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Washington Senate Passes Bill to Phase Out Salmon Farming

  • Current efforts to ban salmon farming in Washington State began shortly after the August 2017 failure of a net pen structure owned by Canadian-based Cooke Aquaculture that resulted in the escape of more than 240,000 invasive Atlantic salmon into Puget Sound. On March 2, 2018, the Washington State Senate passed HR 2957 by a vote of 31 to 16. The bill prohibits the state from issuing or renewing any leases or permits authorizing the use of state-owned aquatic lands for the purpose of Atlantic salmon aquaculture. The House passed the bill on Feb. 14 by a vote of 67-31.

  • While Washington State Governor Jay Inslee is expected to sign HR 2975, the Washington Fish Growers Association (WFGA) has asked him to veto the bill, which the group calls “ill-conceived” and not based on the best available science. WFGA executive director Dan Swecker expressed appreciation for the support received from “many of the world’s leading fisheries scientists, expressing alarm over a legislative measure that is founded on the baseless fear that Atlantic salmon, when and if they escape, could interbreed with Pacific stocks or colonize our rivers.”

  • In a statement issued in response the Senate passage of HR 2957, Cooke Aquaculture said that it was deeply disappointed concerning the impact that the legislation could have on Washington’s 30-year salmon farming industry. The company added, “As an immediate next step, Cooke Aquaculture Pacific will take the time we need to fully evaluate our operations and investments in Washington and explore all our available options.” Although, the previous month, Cooke’s Vice President of Public Relations, Joel Richardson, told the Washington House Agriculture & Natural Resources Committee that Cooke could make a claim for mandatory arbitration under NAFTA to compensate for its $70-plus million investment if the state banned salmon farming.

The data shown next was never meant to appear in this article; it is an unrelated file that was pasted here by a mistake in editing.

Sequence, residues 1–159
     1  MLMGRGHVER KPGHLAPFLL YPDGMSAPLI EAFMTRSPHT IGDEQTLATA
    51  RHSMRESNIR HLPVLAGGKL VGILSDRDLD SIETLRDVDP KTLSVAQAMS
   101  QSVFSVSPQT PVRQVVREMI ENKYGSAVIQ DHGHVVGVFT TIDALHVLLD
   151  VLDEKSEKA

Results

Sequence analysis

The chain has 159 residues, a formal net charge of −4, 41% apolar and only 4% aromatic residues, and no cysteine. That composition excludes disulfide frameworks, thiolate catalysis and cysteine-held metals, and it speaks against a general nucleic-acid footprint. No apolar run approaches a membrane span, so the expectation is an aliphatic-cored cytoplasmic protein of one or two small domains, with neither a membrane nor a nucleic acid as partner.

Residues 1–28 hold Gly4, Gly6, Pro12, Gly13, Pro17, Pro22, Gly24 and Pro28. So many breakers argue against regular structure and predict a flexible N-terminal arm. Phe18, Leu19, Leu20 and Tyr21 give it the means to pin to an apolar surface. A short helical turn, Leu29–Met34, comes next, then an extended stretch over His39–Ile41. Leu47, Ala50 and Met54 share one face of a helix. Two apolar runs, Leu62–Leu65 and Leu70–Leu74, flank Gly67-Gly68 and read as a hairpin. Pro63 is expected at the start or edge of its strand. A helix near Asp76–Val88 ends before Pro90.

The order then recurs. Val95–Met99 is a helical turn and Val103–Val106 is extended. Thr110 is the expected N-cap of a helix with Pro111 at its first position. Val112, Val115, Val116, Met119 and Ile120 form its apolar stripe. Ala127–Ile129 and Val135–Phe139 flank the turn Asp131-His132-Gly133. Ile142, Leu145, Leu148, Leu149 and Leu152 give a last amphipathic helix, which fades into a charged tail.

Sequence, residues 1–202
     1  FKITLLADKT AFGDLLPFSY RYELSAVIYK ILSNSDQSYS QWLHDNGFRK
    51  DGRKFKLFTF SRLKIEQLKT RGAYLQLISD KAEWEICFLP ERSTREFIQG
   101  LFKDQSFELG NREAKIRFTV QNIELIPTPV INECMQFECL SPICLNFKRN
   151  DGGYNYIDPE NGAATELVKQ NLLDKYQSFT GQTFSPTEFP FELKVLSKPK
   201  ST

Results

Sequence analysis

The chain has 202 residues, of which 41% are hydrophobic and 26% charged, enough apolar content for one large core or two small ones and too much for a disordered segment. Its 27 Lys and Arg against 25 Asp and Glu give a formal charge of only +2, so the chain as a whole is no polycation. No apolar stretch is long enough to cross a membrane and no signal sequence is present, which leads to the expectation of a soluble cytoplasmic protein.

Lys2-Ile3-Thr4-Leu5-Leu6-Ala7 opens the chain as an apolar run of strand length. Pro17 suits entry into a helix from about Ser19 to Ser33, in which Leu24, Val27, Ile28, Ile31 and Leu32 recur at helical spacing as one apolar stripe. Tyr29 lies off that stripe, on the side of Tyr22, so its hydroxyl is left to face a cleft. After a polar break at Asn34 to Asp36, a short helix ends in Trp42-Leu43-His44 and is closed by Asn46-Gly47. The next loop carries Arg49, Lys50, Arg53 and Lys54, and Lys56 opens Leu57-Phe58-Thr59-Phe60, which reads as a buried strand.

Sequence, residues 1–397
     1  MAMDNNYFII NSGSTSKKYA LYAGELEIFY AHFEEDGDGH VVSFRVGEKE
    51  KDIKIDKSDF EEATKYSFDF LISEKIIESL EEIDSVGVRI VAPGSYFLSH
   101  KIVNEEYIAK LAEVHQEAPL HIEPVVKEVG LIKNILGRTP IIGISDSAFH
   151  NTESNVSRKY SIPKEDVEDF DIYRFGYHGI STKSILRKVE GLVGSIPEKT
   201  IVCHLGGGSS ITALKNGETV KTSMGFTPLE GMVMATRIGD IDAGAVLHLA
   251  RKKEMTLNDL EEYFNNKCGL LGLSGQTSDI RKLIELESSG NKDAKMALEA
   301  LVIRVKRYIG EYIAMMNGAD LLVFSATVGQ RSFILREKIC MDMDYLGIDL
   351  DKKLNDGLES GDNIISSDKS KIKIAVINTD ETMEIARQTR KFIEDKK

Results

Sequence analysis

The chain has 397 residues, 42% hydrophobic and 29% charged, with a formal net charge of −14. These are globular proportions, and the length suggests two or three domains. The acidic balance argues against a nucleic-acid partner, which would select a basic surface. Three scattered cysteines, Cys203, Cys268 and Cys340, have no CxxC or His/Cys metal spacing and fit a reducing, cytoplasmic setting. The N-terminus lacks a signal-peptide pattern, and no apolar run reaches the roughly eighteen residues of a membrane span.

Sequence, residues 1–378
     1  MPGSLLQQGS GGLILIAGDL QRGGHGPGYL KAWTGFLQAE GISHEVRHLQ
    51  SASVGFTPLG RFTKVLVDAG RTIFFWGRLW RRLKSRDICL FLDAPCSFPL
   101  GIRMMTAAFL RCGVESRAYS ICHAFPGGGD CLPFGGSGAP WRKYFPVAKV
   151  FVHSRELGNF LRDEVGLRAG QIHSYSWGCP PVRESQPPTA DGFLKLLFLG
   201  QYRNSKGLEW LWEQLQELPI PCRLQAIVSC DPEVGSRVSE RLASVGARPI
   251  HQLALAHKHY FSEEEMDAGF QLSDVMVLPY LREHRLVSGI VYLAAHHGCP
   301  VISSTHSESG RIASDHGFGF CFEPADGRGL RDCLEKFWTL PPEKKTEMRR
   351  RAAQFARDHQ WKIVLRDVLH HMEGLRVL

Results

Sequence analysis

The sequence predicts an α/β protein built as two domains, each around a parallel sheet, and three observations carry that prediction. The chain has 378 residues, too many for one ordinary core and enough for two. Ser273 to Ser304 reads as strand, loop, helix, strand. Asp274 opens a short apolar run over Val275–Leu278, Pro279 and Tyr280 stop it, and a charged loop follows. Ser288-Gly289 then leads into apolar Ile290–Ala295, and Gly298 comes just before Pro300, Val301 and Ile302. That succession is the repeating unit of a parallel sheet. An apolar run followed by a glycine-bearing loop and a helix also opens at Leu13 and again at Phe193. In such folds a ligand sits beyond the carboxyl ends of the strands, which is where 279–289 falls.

• Current leases for Atlantic salmon farming in Washington State expire in 2022. Although, as previously reported on this blog, Washington’s Department of Natural Resources (DNR) has already terminated two of Cooke’s of leases and is currently reviewing the company’s remaining two leases. In other West Coast states, Oregon, California, and Alaska have effectively banned saltwater fish farms in their waters (see OPB article).

© 2019 Keller and Heckman LLP


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Keller and Heckman offers global food and drug services to its clients. Our comprehensive and extensive food and drug practice is one of the largest in the world. We promote, protect, and defend products made by the spectrum of industries regulated by the U.S. Food and Drug Administration (FDA), the European Commission and Member States authorities in the European Union (EU) and similar authorities throughout the world. The products we help get to market include foods, pharmaceuticals, medical devices, veterinary products, dietary supplements, and cosmetics. In addition...